Today Apache Ant is the build tool of choice for a lot of java projects because the classical  “make” buildtools like make, gnumake, nmake, jam and others have a lot of wrinkles and limitations.

According to Ant’s original author, James Duncan Davidson, the name Ant is an acronym for “Another Neat Tool”. Later explanations go along the lines of “ants do an extremely good job at building things”, or “ants are very small and can carry a weight dozens of times their own” – describing what Ant is intended to be. The latest version of Apache Ant is 1.9.2, released July 12, 2013.

Apache Ant uses XML to describe the build process and its dependencies, the corresponding file is named by default build.xml.

Ant can be integrated in the universal tool platform Eclipse and in other Integrated Development Environments (IDE).

Sphinx-4 : a Java speech recognizer

Sphinx-4 is a state-of-the-art speech recognition system written in Java. It was created via a joint collaboration between the Sphinx group at Carnegie Mellon University, Sun Microsystems Laboratories, Mitsubishi Electric Research Labs (MERL), and Hewlett Packard (HP), with contributions from the University of California at Santa Cruz (UCSC) and the Massachusetts Institute of Technology (MIT).

Sphinx-4 contains the following demo programs :

  • Hello World Demo: a command line application that recognizes simple phrases
  • Hello Digits Demo: a command line application that recognizes connected digits
  • Hello N-Gram Demo: a command line application using an N-gram language model for speech recognition
  • ZipCity Demo: a Java Web Start technology application that recognizes spoken zip codes and locates the associated city and state
  • WavFile Demo: a simple demo program to show how to decode audio files (e.g., .wav, .au files)
  • Transcriber Demo: a simple demo program showing how to transcribe a continuous audio file that has multiple utterances separated by silences
  • JSGF Demo: a simple demo program showing how a program can swap between multiple JSGF grammars
  • Dialog Demo: a demo program showing how a program can swap between multiple JSGF and dictation grammars
  • Action Tags Demo: a demo program showing how to use action tags for post-processing of RuleParse objects obtained from JSGF grammars
  • Confidence Demo: a simple demo program showing how to obtain confidence scores for result
  • Lattice Demo: a simple demo program showing how to extract lattices from recognition results

A number of tests and demos rely on having JSAPI installed. Sphinx-4 can be combined wit FreeTTS to set up a complete voice interface or a VoiceXML server.

FreeTTS : a Java speech synthesizer

FreeTTS is a speech synthesis system written entirely in Java. It is based upon Flite, a small run-time speech synthesis engine developed at Carnegie Mellon University. Flite is derived from the Festival Speech Synthesis System from the University of Edinburgh and the FestVox project from Carnegie Mellon University.
Free TTS was built by the Speech Integration Group of Sun Microsystems Laboratories.

Possible uses of FreeTTS are:

  • JSAPI (Java Speech API) speech synthesizer
  • Remote TTS Server, to act as a back-end text-to-speech engine that works with a speech/telephony system, or does the “heavy lifting” for a wireless PDA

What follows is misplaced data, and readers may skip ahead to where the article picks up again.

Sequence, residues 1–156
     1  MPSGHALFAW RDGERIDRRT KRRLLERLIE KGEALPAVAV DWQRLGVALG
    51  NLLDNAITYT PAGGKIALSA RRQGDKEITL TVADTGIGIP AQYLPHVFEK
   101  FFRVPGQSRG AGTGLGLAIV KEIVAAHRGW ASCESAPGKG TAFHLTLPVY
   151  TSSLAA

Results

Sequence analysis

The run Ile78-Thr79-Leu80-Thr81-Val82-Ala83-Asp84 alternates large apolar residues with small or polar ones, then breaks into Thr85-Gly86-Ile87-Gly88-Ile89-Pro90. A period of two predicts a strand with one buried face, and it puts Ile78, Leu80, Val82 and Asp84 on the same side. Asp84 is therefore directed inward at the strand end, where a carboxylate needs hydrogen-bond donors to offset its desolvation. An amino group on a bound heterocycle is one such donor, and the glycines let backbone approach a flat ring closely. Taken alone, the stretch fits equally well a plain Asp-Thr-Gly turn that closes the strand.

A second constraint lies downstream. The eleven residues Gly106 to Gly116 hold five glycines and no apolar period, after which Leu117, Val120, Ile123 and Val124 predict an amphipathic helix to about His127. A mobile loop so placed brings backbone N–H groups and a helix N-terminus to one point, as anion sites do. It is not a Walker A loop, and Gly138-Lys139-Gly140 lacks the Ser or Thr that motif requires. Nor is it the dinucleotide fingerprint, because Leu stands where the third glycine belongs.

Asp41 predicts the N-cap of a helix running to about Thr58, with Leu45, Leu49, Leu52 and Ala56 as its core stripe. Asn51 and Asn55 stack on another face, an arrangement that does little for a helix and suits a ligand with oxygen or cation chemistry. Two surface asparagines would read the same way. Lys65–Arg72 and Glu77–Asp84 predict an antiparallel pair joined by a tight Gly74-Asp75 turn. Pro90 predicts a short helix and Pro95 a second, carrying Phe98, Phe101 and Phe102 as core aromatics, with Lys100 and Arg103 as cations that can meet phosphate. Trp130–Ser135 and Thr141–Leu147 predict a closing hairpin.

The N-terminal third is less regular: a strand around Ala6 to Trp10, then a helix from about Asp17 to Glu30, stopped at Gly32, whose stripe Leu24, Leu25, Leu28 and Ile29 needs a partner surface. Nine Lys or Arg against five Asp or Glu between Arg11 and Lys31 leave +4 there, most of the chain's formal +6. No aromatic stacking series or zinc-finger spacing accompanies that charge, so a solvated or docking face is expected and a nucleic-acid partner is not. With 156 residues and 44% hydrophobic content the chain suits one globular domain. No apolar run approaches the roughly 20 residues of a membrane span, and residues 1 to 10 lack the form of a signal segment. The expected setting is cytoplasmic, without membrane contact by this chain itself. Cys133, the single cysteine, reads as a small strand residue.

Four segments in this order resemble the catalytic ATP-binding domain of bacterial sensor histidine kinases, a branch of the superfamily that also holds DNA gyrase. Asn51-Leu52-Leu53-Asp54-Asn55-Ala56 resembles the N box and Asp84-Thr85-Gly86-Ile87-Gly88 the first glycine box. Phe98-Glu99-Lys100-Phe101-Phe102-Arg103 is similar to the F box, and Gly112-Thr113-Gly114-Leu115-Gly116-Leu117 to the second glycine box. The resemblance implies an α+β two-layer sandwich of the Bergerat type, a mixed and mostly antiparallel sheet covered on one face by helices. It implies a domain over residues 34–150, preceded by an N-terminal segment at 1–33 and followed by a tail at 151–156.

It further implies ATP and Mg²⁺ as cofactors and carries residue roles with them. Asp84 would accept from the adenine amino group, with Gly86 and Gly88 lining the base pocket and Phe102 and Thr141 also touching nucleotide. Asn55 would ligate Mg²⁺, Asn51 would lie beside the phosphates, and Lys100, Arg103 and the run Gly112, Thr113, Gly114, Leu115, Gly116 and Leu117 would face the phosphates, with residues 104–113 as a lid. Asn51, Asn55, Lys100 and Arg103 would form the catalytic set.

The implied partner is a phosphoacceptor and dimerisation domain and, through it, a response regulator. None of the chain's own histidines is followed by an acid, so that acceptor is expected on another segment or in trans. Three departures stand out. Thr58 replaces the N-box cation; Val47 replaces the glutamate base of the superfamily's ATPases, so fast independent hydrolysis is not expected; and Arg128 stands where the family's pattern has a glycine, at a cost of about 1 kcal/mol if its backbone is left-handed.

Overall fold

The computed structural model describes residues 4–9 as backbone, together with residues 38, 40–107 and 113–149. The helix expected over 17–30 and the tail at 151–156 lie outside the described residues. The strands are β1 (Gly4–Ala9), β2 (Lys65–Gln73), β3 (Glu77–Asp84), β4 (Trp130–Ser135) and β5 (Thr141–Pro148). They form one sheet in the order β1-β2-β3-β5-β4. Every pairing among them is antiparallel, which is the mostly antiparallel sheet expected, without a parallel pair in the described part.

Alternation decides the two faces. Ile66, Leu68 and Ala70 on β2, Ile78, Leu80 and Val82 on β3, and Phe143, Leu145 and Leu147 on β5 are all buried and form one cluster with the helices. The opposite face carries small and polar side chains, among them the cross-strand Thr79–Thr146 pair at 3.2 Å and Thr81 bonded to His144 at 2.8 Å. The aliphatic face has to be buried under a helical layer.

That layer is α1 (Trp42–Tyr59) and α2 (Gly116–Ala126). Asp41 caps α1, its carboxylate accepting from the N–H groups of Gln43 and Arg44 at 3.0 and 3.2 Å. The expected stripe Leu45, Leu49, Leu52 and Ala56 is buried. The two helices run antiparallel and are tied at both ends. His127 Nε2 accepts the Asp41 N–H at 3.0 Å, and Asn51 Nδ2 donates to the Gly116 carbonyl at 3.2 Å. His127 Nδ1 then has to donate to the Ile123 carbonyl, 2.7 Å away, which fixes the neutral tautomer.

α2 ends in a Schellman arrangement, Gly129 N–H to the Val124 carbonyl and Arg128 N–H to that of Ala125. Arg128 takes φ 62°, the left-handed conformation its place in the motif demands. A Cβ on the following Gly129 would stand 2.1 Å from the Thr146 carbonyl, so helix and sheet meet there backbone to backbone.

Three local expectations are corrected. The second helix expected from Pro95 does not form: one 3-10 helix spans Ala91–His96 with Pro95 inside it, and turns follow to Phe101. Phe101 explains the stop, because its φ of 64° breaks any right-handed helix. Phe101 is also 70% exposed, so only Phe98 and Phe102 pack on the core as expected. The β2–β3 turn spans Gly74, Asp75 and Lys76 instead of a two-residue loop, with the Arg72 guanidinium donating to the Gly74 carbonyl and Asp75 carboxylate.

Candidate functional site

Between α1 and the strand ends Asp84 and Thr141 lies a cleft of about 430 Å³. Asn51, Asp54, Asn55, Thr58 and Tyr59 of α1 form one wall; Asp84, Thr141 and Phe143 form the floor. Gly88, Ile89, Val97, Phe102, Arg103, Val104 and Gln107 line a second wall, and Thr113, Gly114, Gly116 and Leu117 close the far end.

• Workstation/Desktop TTS engine
  • Downloadable Web Application (FreeTTS can not be used in an applet)

FreeTTS includes the following demos :

  •  JSAPI/HelloWorld: uses the JSAPI 1.0 Synthesis interface to speak “Hello, World”
  • JSAPI/MixedVoices: demonstrates using multiple voices and speech synthesizers in a coordinated fashion using JSAPI 1.0
  • JSAPI/Player: Swing-based GUI (graphical user interface) that allows the user to monitor and manipulate a JSAPI 1.0 Speech Synthesizer
  • JSAPI/JTime: JSAPI program that uses a limited-domain, high quality voice to tell the time
  • JSAPI/Emacspeak: uses JSAPI 1.0 to provide a text-to-speech server for Emacspeak
  • JSAPI/WebStartClock: JSAPI talking clock that can be downloaded from the web using Java Web Start
  • freetts/HelloWorld: low-level (non-JSAPI) program that speaks a greeting to the world
  • freetts/ClientServer: low-level (non-JSAPI) socket-based TTS server with sample clients written in the C programming language and the Java programming language.

To write software with FreeTTS, it is recommended to use the Java Speech API (JSAPI) 1.0 to interface with FreeTTS. The JSAPI interface provides the best method of controlling and using FreeTTS.

Currently, the FreeTTS distribution comes with these 3 voices:

  • a low quality, unlimited domain, 8kHz diphone voice, called kevin
  • a medium quality, unlimited domain, 16kHz diphone voice, called kevin16
  • a high quality, limited domain, 16kHz cluster unit voice, called alan

FreeTTS interfaces with the MBROLA synthesizer and can use MBROLA voices. It’s also possible to import voice data from Festival and FestVox or CMU ARCTIC voices.

A full implementation of Sun’s Java Speech API for Windows platforms, allowing a large range of SAPI4 and SAPI5 compliant Text-To-Speech and Speech-Recognition engines (in many different languages) to be programmed using the standard Java Speech API has been developped by CloudGarden. Packages and additional classes augment the capabilities of the JSAPI by, for example integrating with Sun’s JMF, allowing, amongst other things, MPEG audio files to be created and read, and compressed audio data to be transmitted across a network